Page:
cminor7add9th
Published on Mar 26, 2011

Keith Jarrett & Chick Corea Play MOZART with The New Japan Philharmonic

Tokyo Music Joy at Yu-Port Kani Hoken Hall in Shinagawa-Ku Tokyo Feburary 1st ,

1985 The New Japan Philharmonic Conductor : Yoshikazu Tanaka


smalin
Published on Mar 3, 2019

The third movement (Adagio) of W. A. Mozart’s String Quartet No. 20, performed by the Alexander String Quartet, with an animated graphical score. FAQ

Q: Where can I get this recording? A: You can pre-order the album here: https://itunes.apple.com/us/album/moz…https://www.amazon.com/gp/product/B00…https://www.arkivmusic.com/classical/… Q: Where can I learn more about the performers? A: Here: https://asq4.com/home.htm Q: I appreciate the animated graphical scores you make; how can I help? A: There are many ways you can support my work: free: watch my videos, like them, and share them with friends $$$: become a Patreon patron: http://www.patreon.com/musanim (per-video/per-month) !!!!: underwrite the production of a video: http://www.musanim.com/underwriting Q: Could you please do a video of _______? A: Please see this: http://www.musanim.com/requests/


Richard Atkinson

Published on Aug 2, 2016

Richard Atkinson analyzes the magnificent counterpoint in the finale of Mozart’s Jupiter Symphony, no. 41 in C major, K. 551, culminating in the coda, during which 5 of the previously introduced themes are combined at once, in five-part invertible counterpoint. This is a fair use educational commentary that uses excerpts from a recording by the Academy of St. Martin in the Fields, directed by Sir Neville Marriner.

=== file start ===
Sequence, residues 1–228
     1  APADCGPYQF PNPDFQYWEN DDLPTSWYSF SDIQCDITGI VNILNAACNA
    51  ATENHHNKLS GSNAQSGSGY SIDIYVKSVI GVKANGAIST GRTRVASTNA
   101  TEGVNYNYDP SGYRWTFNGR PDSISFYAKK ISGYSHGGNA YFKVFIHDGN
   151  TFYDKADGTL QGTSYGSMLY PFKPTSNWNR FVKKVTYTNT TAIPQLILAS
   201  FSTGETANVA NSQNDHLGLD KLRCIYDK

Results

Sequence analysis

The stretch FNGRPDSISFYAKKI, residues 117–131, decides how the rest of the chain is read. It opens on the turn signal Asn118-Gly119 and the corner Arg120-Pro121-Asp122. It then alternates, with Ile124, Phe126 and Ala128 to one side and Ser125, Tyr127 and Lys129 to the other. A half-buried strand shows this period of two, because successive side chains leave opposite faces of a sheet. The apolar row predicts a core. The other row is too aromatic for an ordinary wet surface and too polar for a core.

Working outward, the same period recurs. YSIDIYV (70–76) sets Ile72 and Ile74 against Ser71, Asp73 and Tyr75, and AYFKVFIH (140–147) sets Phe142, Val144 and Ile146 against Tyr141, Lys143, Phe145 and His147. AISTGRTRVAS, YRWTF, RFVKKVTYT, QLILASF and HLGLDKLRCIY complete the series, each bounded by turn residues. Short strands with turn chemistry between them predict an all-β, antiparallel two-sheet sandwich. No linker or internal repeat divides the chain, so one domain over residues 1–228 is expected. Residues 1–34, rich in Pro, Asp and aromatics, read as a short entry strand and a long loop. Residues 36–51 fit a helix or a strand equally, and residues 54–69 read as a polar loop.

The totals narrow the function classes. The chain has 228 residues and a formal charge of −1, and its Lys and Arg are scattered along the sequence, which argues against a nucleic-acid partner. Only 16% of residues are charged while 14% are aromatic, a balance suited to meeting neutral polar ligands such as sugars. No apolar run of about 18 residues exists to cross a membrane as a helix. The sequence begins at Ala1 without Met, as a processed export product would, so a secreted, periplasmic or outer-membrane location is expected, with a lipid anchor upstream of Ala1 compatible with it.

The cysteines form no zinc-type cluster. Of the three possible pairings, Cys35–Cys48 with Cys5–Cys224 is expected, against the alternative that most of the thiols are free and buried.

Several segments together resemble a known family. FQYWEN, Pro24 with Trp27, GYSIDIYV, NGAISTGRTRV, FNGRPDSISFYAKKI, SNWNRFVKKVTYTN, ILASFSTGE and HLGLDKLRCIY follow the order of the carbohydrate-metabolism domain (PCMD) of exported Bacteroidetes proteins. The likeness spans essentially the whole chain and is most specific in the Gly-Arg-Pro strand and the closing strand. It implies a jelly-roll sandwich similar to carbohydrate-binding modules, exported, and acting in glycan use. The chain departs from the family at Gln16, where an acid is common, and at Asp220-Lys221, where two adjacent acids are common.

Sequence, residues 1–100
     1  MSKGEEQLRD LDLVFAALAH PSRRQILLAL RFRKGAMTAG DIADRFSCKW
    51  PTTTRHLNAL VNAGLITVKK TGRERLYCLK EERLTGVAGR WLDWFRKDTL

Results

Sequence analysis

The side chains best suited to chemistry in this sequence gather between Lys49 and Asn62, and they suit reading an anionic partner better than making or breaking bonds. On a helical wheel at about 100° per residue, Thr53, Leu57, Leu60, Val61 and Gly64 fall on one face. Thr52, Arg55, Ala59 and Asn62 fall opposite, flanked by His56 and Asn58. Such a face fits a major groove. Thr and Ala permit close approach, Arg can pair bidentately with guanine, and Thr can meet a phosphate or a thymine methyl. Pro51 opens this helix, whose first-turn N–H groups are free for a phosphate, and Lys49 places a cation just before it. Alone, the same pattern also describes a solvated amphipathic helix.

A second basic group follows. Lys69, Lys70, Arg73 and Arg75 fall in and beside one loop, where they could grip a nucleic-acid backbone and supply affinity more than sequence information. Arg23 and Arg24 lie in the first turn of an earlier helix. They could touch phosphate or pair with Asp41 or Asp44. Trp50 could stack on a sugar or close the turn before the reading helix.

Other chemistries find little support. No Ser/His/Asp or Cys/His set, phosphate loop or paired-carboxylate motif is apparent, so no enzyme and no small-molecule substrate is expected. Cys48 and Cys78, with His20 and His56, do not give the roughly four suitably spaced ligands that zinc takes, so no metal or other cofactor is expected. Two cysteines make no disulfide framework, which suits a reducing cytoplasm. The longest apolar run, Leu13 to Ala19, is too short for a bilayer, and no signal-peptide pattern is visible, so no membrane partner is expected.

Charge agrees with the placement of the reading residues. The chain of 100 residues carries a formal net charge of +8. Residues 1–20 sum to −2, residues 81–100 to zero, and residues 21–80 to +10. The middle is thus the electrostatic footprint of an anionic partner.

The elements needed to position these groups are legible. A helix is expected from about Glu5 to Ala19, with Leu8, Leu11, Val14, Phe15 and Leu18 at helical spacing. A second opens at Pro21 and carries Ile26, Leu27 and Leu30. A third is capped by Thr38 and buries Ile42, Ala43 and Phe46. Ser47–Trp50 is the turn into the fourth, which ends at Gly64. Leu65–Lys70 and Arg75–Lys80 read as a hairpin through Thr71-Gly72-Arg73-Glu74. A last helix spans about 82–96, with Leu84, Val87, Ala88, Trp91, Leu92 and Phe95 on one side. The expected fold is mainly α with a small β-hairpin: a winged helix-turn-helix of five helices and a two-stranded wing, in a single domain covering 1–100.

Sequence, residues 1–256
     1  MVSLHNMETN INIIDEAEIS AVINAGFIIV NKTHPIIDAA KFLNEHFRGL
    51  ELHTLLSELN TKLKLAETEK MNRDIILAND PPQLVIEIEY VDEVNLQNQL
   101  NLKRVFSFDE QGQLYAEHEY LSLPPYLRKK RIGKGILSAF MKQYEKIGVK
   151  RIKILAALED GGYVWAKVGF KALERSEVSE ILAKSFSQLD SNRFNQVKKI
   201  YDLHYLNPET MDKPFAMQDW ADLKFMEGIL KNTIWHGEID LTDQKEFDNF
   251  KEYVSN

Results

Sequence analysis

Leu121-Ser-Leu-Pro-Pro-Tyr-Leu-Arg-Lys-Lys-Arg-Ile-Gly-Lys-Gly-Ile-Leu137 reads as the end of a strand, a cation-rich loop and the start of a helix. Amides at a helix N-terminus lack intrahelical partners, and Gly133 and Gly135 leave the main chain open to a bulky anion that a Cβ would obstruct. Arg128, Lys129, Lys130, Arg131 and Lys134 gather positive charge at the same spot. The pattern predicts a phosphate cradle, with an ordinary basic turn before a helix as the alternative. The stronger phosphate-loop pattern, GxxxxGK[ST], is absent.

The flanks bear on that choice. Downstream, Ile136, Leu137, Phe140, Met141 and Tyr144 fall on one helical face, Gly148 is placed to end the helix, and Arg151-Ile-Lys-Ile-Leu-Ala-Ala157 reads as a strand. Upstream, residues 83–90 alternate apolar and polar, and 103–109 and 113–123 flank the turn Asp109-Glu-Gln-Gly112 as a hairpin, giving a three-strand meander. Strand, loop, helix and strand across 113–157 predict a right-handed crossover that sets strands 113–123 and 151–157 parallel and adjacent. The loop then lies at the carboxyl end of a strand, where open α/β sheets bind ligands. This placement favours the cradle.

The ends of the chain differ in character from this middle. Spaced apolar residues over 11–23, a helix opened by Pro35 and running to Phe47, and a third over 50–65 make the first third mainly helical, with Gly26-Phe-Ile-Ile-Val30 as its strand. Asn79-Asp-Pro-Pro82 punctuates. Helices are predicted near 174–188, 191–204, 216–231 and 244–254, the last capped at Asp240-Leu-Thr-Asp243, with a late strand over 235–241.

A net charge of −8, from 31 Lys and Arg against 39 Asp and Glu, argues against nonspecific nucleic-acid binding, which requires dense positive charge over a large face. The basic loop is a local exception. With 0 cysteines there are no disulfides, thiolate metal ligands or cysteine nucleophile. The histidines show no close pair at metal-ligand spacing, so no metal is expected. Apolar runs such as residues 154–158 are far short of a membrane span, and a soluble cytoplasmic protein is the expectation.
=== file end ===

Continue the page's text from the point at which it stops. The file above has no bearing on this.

Please read the Comments Section

 

 

 

 

Published on Aug 11, 2008

Anzor Kinkladze Georgian SIMI Festival Orchestra 1998 Wolfgang Amadeus Mozart

 

 

 

“I pay no attention whatever to anybody’s praise or blame.

I simply follow my own feelings.”

Wolfgang Amadeus Mozart, composer

via “I pay no attention whatever to anybody’s praise or blame. I simply follow my own feelings.” — Art of Quotation

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Published on Oct 27, 2015

– Composer: Wolfgang Amadeus Mozart (27 January 1756 — 5 December 1791)
– Performers:
Oboe – Stephen Taylor (principal) & Melanie Field
Clarinet – William Blount (principal) & Daniel Olsen
Bassett Horn – Gary Koch (principal) & Mitchell Weiss
Horn – Stewart Rose (principal), Scott Temple, William Purvis, and Russell Rizner
Bassoon – Dennis Godburn (principal) & Marc Goldberg
String Bass – John Feeney
– Conductor: Sir Charles Mackerras
– Year of recording: 1994

Serenade No. 10 for winds in B flat major (“Gran Partita”), K. 361 (K. 370a), written in 1781.

00:00 – I. Largo. Molto Allegro
09:18 – II. Menuetto – Trio I – Trio II
19:35 – III. Adagio
25:06 – IV. Menuetto. Allegretto – Trio I – Trio II
30:28 – V. Romance. Adagio – Allegretto – Adagio
37:49 – VI. Tema con Variazioni
47:22 – VII. Finale. Molto Allegro

Mozart’s 10th Serenade for winds is scored for thirteen instruments (twelve winds and string bass). The piece was probably composed in 1781 or 1782 and is often known by the subtitle “Gran Partita”, though the title is a misspelling and not from Mozart’s hand.

– The opening movement begins with a slow introduction in B flat major in which tutti syncopated rhythms are set in opposition to solo passages for clarinet and oboe. This leads into the Allegro moderato, which is a monothematic sonata form. The first theme of the exposition opens, originally presented in B flat major in the clarinets, later returns in F major in the basset horns and oboes in a modified form as the second theme. This theme continues to be explored in the development and returns in the recapitulation, this time in B flat major both times.